Reviewed 13 July 2014 by Simon
Can you do something regards the signposting to the Port itself? It was a nightmare finding the Port! Plus the Wifi didn't appear to be working at he terminal building. Other than that, service was good. On board was better.
'Simon ' travelled Dublin Holyhead with Stena Line on Stena Nordica
Reviewed 10 July 2014 by Eduardo
Very good experience...everything ok
'Eduardo' travelled Dublin Holyhead with Stena Line on Stena Adventurer
"a quick and pleasant crossing"
Reviewed 06 July 2014 by Laurent
The ferry was full and as we were travelling as apair, we couldn't get a table near the windows. Therefore, we arranged with 2 other motorbikers to get a table for 4. It was more practical to put our stuff. Apart from that, it was very quick and confortable.
'Laurent' travelled Dublin Holyhead with Irish Ferries on Dublin Swift
Reviewed 03 July 2014 by WaltDisney57
I had travelled with friends on the Stena a couple of years ago, which was very good. I had to drive to Kent, so I looked at the super fast ferry from Irish Ferries. The sailing took less than advertised, having docked in 1hr50mins we were 15 mins up the road ahead of schedule as we decided to book Club Class which gave us speedy boarding and departure. The only cristism that I have on the whole experience was the cooked sausages, they were terrible! I will definately travel with Irish Ferries again.
'WaltDisney57' travelled Dublin Holyhead with Irish Ferries on Dublin Swift
Dublin is the capital and largest city of the Republic of Ireland, located near the midpoint of Ireland's east coast, at the mouth of the River Liffey. The city has served continually as Ireland's capital city since mediaeval times. Although the earliest evidence of a settlement beside the Liffey is on Ptolemy's celebrated map of 140 AD, which shows a place called Eblana on the site of modern Dublin, it is as a Viking settlement that Dublin's history really begins. The Norse raiders sailed up the Liffey and set up a trading post on the south bank of the river at the ford where the royal road from the Hill of Tara in the north crossed the Liffey on its way to Wicklow. The Vikings adopted the Irish name, Dubh Linn ("Dark Pool"), for their settlement, which soon amalgamated with another Celtic settlement, Baile Átha Cliath ("town of the hurdles", pronounced Ballya-aw-kleea , and still the Irish name for Dublin), on the north bank.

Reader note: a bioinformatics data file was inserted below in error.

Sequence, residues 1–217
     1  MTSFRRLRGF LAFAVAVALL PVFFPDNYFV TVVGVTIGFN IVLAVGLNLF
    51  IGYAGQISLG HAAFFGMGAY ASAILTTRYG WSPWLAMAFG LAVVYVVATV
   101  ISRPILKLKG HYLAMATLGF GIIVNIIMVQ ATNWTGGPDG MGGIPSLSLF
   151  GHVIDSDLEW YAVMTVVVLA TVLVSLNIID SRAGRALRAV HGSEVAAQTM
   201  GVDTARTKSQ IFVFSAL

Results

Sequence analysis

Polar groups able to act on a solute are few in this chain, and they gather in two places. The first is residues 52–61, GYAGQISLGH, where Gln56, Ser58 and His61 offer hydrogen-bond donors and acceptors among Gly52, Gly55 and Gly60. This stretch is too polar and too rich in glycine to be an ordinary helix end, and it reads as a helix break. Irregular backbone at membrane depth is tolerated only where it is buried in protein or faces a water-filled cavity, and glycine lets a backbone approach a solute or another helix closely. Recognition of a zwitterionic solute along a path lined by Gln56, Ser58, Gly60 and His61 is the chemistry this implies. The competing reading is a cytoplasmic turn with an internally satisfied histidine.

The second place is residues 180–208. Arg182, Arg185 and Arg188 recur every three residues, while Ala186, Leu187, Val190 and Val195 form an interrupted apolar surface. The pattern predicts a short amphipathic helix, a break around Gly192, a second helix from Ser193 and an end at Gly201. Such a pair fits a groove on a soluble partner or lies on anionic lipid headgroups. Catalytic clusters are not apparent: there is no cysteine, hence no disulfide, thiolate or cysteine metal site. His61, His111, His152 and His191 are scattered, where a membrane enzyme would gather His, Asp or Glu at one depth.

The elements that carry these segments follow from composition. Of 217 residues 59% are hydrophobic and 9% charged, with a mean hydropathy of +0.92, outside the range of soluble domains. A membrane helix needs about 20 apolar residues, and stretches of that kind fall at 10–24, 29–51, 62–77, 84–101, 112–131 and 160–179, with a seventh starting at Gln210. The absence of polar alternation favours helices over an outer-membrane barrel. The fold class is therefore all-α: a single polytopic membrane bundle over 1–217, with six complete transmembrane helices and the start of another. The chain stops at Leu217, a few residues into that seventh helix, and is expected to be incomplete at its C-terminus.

The union of Britain with Ireland in 1800 increased the need to improve the road route from London to Dublin and, by this time, Holyhead had emerged as the primary port for sea access, mainly due to the fact that it is the closest point on the British coast to Ireland.
The town's centre is built around St. Cybi's church, which is built inside one of Europe's only three-walled Roman forts (the fourth wall being the sea, which used to come up to the fort). The Romans also built a lighthouse on the top of Holyhead Mountain inside Mynydd y Twr, a prehistoric fortress. Settlements in the area date from prehistoric times, with circular huts, burial chambers and standing stones featuring in the highest concentration in Britain.
Holy Island (Ynys Gybi) is blessed with Anglesey's best scenery.